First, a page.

The third thing that will help us to overcome adversity is to understand the principle of compensation. Elder Wirthlin said, “The Lord compensates the faithful for every loss. That which is taken away from those who love the Lord will be added unto them in His own way. While it may not come at the time we desire, the faithful will know that every tear today will eventually be returned a hundredfold with tears of rejoicing and gratitude.” What a comforting thought that is! We will be compensated and receive blessings because of our struggles. Parents who lose their children to death, will be able to raise them to adulthood on the other side of the veil, those who have the unmet desire to marry in this life, will receive the opportunity in the eternities. While we will not always be compensated in the way we would like or in our timeline, the Lord is mindful of us. We will not always receive exact replacements of things that are lost, but we will receive Joy in place of sorrow and peace instead of struggle. As a missionary I was always enthused that if I had a bad week or lost an investigator, it wouldn’t be long before things would be so much better and we would find another prepared soul to teach. Often times we are compensated during our trials by the development of new skills, attributes, and attitudes that we gain from the struggle. I always come out of my trials and hard ache having learned something from the experience.

            Elder Wirthlin’s fourth strategy to overcome adversity is to Trust in the Father and the Son. We may not understand why trials come our way, but we have to trust that our Heavenly Father is aware of us. He loves us. He will strengthen us and fortify us. As it says in the scriptures, he will make our week things become strong. In D&C 123:17, it says, “Therefore, dearly beloved brethren, let us acheerfully bdo all things that lie in our power; and then may we stand still, with the utmost assurance, to see the csalvation of God, and for his arm to be revealed.” If we patiently and faithfully seek to submit our wills to, and trust in our Heavenly Father, we will see his hand in our lives.

I had the experience on my mission in Hungary of meeting an amazing woman named Margit Neni. She was 83 years old and had outlived her husband and all three of her children. She told us that for years she had lived in a very dark depression. She often contemplated suicide. She wondered every day why these hardships had come to her. One day, as she was tearfully making her way to the cemetery to visit her husband’s grave she met a woman who asked her why she was crying. She said, “I’m crying because my family is gone and I wonder why I’m still here.” The woman wisely told her, “Well you’re here because there’s something you still need to do.” A few weeks later, my companion and I met her and taught her the gospel. Margit Neni’s life completely changed as she realized that Heavenly Father was aware of her and that he had a plan to make it possible for her to be together with her family again. She understood why she was still here—to learn about the gospel for herself and her family. As we taught her, the veil was very thin, it was a very sweet experience for us and for Margit. I know that if we will lean on the Lord and our Savior Jesus Christ, we will gain eternal perspective, hope in the future, and peace of mind. I am thankful for a wise Father in Heaven who allows his children to struggle so that they may grow. I am thankful for the broken hearts, failures, bumps, bruises, and struggles I have encountered in my life. They have given me a greater appreciation of the gospel, increased my faith, made me a better wife and mother, and helped me to take myself less seriously and laugh. I know that Adversity has a purpose and that we will be blessed by facing it with faith and optimism, in the name of Jesus Christ, Amen.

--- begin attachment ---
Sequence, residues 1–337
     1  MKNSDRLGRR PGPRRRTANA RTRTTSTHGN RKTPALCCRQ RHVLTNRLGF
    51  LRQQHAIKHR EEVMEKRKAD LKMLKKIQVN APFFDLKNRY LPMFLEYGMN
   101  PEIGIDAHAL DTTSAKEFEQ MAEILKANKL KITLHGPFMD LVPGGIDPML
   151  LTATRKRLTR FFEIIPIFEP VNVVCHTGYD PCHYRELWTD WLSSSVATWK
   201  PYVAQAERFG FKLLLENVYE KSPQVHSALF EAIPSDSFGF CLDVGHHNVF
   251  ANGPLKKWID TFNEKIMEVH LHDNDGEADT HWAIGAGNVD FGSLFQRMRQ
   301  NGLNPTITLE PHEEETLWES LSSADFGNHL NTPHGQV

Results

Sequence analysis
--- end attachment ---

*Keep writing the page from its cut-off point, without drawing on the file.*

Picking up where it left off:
7 comments:

Tiffany said...

Loved reading your thoughts Megs- You're a good example to all!

Jennifer said...

That was fantastic! Thanks for posting that!! :)

Byde and Mel said...

Megs-I love Elder Wirthlin as well. What great talks...both of you. You are amazing. Thanks for the reminders:)

Rachel said...

Thank you SO much for posting your talk. I really needed to hear/read it. Things we all know but at certain times forget and a good reminder at just the right time is soothing to wounds.

Ginna said...

well that was an enjoyable enlightening read! It's almost as good as really being there to hear you give the talk yourself.
It was great.

Dan said...

megs! ThAt was so awesome! It was so good to read it. Sorry I was so nervous that I wasn't able to listen very intently. You did a great job and are a wonderful wife and mother. You're an ispiration to everyone!

Nick & Jennie Mabey said...

Beautifully put. . .you and Daniel have a way with words.